For a while I was going through the King Solomon view of realizing how pointless life is. I was struggling with that for a couple of weeks. But I am doing better now. Just really meditated on it and what Solomon said and a realization of life in itself. It is kind of interesting but always weird. Really thinking of the concept that you're nothing and it's all vanity (or vapor). I like it, but it made me really think what I'm accomplishing this in life and why.
I was thinking that when I die it all means nothing and will soon be forgotten. I do remember why I am here and what I love, but I was thinking I have taught many people and it's a repeating, never ending process. I've seen people to come to Christ, and it's never ending, which is a good thing. But what I mean is, it's always coming to the realization this is the only thing you can take to heaven with you. That's where your treasure is for Christians, which in my opinion is the reward, besides being with God, of course, is seeing all those people you help bring to Christ and knowing they are there with you. The joy is seeing the fruit of your labor and how awesome to see all the people's lives you effected and who made it to heaven. In a way the most valuable treasure, human life, is what you can bring with you in a way. It's each person's choice to follow God but at the same time to have part of it and know it can last for eternity is always awesome.
"According to the grace of God which was given to me, as a wise master builder I have laid the foundation, and another builds on it. But let each one take heed how he builds on it. For no other foundation can anyone lay than that which is laid, which is Jesus Christ. Now if anyone builds on this foundation with gold, silver, precious stones, wood, hay, straw, each one's work will become clear; for the Day will declare it, because it will be revealed by fire; and the fire will test each one's work, of what sort it is. If anyone's work which he has built on it endures, he will receive a reward. If anyone's work is burned, he will suffer loss; but he himself will be saved, yet so as through fire" (I Corinthians 3:10-15).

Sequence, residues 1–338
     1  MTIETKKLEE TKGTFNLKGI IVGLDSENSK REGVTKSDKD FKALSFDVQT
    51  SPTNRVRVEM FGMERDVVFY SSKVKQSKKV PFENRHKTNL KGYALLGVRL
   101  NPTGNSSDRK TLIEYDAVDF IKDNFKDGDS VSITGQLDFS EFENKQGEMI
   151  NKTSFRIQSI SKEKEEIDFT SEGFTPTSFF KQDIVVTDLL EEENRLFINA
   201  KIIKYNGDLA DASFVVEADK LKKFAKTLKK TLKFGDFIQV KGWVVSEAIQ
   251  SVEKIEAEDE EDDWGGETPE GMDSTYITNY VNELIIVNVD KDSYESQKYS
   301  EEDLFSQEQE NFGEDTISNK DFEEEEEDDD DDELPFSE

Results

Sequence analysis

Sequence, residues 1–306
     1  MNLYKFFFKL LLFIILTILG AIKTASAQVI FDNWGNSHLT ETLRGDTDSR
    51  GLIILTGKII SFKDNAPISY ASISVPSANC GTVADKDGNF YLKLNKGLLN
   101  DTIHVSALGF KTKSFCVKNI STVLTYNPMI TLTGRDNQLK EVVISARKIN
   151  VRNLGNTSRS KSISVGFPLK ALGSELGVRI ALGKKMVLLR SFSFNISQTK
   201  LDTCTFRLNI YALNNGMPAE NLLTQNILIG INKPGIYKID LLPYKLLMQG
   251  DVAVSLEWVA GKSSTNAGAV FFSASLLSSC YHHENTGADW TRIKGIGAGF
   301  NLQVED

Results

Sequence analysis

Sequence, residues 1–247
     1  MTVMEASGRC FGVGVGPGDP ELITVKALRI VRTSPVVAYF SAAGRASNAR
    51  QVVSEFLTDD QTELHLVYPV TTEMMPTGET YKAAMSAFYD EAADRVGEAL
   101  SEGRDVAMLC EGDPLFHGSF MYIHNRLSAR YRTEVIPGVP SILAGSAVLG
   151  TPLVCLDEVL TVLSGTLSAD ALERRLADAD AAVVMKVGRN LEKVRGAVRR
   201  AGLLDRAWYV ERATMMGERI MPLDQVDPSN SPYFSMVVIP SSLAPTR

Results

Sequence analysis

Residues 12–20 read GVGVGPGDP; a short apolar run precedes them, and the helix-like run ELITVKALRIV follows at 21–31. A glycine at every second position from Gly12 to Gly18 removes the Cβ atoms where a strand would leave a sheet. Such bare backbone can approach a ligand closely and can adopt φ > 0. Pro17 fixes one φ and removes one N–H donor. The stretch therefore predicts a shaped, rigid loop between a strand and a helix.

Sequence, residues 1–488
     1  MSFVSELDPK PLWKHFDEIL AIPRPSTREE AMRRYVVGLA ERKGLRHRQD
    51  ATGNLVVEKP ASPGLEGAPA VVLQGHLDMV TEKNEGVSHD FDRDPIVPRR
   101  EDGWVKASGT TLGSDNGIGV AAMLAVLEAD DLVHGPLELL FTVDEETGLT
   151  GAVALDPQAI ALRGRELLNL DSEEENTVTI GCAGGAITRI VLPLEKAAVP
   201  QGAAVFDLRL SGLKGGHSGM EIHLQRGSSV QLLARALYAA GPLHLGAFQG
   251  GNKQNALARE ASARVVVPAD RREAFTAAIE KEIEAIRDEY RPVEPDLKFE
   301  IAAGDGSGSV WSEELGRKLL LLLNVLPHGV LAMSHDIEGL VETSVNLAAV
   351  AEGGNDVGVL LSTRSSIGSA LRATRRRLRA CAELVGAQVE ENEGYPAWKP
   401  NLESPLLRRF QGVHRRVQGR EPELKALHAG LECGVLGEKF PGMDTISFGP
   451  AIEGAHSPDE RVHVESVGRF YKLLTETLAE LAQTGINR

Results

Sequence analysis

It seems to me that you've discovered what Paul talked about in I Corinthians 3:10-15. Paul saw himself as a master builder. Paul's gift from God was to lay the foundation of the church (Ephesians 2:20). His favorite work was to go where others had not been to get the cause of Christ started (Romans 15:20). But in even laying the foundation well, Paul knew that it would take other laborers' efforts to build upon what Paul had begun. The foundation is critical, but it isn't the whole building.
Seeing each Christian as the building material being used in this effort, Paul acknowledges what is placed is not all the same quality. Becoming a Christian is not a guarantee of salvation. Only those who endure to the end will be saved (Hebrews 3:5-6; 4:11; Revelation 2:10). We often focus on the loss of a Christian who is not able to endure to the end, but here Paul mentions the impact such loss has on the teacher. It is a joy to see the efforts of your work last. It is a sorrow to see them come to naught. In either case the preacher is saved because he labored for the Lord, but the hardship he faces over those he labors can be vastly different (Ezekiel 3:17-21; 33:1-9). "For what is our hope, or joy, or crown of rejoicing? Is it not even you in the presence of our Lord Jesus Christ at His coming? For you are our glory and joy" (I Thessalonians 2:19-20).
If you study Ecclesiastes and come away with the impression that all of life is vain, you missed Solomon's point. What is vain are the things people typically think is important in life: pleasure, work, education, fame, authority, etc. Solomon takes each of those valued items and shows just how worthless they truly are. Yet throughout the book, Solomon points out what really matters and at the end he gives the final conclusion: "Let us hear the conclusion of the whole matter: Fear God and keep His commandments, for this is man's all. For God will bring every work into judgment, including every secret thing, whether good or evil" (Ecclesiastes 12:13-14). When teaching Ecclesiastes I challenge people to highlight the verses where Solomon says that this matters. You end up highlighting quite a bit of the book, but people are so caught up in learning that what they thought was important doesn't matter that they forget to see the real conclusion.